It's the end of an era in Philadelphia sports television. OK, that's a little dramatic. But for those of us who grew up tuning in for highlights of local teams and live games, it is going to be weird no longer calling Comcast SportsNet Philadelphia, well, Comcast SportsNet. CSN Philly will now be called NBC Sports Philadelphia. Four regional Comcast SportsNet channels, as well as two TCN channels (The Comcast Network), will also now go by NBC Sports. The changes go into effect Oct. 2.
Philadelphia Eagles fans suffer plenty in life, but one South Jersey man is ready for the team to keep disappointing him in death. Jeffrey Clayton Riegel, 56, of Port Republic, passed away Friday on a "not so beautiful golfing day," according to his obituary in The Press of Atlantic City. An electrician, Riegel was a "wonderful husband, uncle, brother and son." He was born in Atlantic CityÂ and was also a long-suffering Eagles fan.
When Raven Rock Mountain Complex was being built in southern Pennsylvania during the late 1940s, locals jokingly called it "Harry's Hole" for President Harry Truman. Residents would hold picnics while watching the excavations and blastings. Many worked on its construction. It was never completely a secret.
Muck Rack makes it simple to find people, tweets, or articles that mention any name, keyword, company, hashtag etc. We've compiled this guide to help you make the most of your search.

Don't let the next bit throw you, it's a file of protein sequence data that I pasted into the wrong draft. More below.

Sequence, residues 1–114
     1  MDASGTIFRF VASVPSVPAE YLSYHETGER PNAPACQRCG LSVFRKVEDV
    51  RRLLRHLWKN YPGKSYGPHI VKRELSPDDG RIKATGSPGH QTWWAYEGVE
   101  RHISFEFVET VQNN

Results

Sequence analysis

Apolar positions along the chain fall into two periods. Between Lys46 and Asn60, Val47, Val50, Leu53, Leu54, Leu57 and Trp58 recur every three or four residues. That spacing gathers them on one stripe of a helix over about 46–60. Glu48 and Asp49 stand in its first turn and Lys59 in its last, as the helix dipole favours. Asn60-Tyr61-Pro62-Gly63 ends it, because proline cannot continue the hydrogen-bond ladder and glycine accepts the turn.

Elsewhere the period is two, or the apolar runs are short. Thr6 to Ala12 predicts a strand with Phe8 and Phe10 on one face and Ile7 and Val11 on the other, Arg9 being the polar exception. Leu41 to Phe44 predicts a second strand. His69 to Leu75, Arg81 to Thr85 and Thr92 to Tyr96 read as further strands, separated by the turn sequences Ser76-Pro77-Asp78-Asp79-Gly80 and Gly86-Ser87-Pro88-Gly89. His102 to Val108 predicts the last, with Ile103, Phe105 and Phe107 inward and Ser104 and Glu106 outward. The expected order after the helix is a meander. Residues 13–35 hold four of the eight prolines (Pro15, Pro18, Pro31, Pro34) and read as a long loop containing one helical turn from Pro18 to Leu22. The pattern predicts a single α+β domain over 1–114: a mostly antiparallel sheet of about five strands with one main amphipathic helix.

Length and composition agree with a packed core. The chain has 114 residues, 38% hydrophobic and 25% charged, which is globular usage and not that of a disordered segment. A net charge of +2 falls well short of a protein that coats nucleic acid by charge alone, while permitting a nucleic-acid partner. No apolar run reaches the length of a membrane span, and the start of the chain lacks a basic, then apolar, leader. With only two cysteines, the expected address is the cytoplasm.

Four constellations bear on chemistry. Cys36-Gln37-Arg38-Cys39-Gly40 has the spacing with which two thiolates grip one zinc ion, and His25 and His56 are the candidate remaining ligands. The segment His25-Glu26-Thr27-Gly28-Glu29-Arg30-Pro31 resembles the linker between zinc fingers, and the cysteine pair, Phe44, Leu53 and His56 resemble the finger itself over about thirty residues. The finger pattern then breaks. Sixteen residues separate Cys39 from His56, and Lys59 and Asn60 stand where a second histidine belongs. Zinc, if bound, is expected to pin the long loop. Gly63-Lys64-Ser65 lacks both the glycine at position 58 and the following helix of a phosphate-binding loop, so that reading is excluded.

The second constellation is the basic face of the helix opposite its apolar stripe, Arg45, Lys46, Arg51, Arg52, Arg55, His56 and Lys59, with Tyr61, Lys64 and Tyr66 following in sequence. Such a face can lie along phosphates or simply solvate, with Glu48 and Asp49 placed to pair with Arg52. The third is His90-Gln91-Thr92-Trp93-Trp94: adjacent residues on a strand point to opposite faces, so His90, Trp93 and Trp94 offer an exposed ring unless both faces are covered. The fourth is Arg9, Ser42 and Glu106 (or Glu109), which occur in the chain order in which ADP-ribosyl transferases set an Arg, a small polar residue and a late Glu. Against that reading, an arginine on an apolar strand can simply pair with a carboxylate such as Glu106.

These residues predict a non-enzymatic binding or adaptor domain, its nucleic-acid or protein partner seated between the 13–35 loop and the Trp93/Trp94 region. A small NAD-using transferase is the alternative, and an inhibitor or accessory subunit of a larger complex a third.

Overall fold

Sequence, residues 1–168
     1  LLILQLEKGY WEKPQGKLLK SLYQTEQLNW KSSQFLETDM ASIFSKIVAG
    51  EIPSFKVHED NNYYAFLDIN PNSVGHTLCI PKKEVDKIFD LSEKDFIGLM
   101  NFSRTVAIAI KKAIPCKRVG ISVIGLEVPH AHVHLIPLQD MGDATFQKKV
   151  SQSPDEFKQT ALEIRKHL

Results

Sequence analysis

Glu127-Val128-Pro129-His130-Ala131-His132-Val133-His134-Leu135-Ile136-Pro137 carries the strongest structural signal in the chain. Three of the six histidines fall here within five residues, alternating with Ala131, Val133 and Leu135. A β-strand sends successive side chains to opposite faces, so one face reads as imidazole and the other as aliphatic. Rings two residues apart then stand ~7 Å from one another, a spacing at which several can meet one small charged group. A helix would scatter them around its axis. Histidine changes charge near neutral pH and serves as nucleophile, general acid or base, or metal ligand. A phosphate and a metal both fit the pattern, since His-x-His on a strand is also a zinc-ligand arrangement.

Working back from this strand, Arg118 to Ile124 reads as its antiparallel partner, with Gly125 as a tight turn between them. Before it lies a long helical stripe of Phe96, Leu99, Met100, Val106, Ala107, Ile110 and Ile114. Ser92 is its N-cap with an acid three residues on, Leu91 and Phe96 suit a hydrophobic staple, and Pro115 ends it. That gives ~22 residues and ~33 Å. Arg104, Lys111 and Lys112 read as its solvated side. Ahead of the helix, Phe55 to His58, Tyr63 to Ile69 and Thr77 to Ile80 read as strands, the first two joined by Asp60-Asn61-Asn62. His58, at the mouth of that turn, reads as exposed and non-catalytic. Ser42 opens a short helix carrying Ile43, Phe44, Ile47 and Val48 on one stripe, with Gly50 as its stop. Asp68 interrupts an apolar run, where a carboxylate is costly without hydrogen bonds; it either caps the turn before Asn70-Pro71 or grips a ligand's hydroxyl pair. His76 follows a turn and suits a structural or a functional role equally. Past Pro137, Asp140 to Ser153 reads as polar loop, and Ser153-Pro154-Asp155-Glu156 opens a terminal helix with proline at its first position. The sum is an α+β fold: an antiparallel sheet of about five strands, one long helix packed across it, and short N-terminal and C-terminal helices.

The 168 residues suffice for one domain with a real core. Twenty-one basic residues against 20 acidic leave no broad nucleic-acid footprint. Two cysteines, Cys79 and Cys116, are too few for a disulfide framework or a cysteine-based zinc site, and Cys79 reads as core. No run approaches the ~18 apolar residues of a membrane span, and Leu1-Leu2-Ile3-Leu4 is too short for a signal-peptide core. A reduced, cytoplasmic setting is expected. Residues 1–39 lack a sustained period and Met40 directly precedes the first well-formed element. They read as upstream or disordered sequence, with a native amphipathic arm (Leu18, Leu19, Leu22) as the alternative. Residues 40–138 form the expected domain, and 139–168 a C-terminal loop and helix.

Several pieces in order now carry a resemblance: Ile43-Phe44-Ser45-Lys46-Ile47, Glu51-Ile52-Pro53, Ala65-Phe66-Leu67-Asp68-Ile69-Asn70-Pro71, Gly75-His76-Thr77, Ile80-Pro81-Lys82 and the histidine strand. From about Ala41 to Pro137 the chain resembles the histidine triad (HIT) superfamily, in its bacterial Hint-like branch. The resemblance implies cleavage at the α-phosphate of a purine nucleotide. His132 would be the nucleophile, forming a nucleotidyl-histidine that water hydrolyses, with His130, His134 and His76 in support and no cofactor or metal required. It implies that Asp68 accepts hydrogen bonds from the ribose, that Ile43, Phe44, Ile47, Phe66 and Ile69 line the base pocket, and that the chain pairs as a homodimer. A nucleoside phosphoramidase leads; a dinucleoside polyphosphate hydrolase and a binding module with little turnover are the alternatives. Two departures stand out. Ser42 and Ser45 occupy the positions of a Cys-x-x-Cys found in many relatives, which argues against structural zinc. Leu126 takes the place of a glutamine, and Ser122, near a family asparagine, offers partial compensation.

Selecting a term
Start searching tweets, articles from media outlets, articles mentioned in tweets, journalists'
names, titles and bios with some suggested searches:
Companies or Topics (e.g. iPhone, Microsoft)
Phrases (e.g. "cloud computing") — use quotes to keep the terms together
Twitter handles (e.g. @username) — returns those who have mentioned or replied to
Names (e.g. "David Pogue")
Hashtags (e.g. #sxsw, #london2012)
Bio details (e.g. vegan, Olympics, father)
Muck Rack's Advanced Search allows for many boolean operators.
Find results that mention multiple specified terms, use AND or
+. For example, ensure each result contains both Elon Musk and Mark Zuckerberg by
searching Obama AND Romney or Obama + Romney.
Use the operators OR or , to broaden your search when you'd like either of
multiple terms to appear in results. (This is the default behavior of our search when no operators
are used.) For example, search for democrat OR republican to find results that refer to
Democrats and/or Republicans.
Use NOT or - to subtract results from your search. For
example, searching Disney will yield results about the Walt Disney Company as well as Walt Disney
World Resort. To exclude mentions of Disney World, search for Disney -World or Disney
When using one of these operators with a phrase, enclose it in quotation marks. For example, you can
find results about smartphones excluding Apple's iPhone 4S by searching smartphone -"iPhone
Exact case matching or punctuation
If you're searching for a brand name or keyword that relies on specific punctuation marks or capitalization, you can
find results that match your exact query by adding matchcase: before the keyword you're searching for, like matchcase:E*TRADE .
Use parentheses to separate multiple
boolean phrases. For example, to find journalists talking about having fun in Disney World or
Disneyland, search for ("disney world" OR disneyland) AND fun.
An asterisk can be used to search for any variation of a root word truncated by the asterisk. For example, searching for admin* will return results for administrator, administration, administer, administered, etc.
A near operator is an AND operator where you can control the distance between the words. You can vary the distance the near operation uses by adding a forward slash and number (between 0-99) such as strawberries NEAR/10 "whipped cream", which means the strawberries must exist within 10 words of "whipped cream".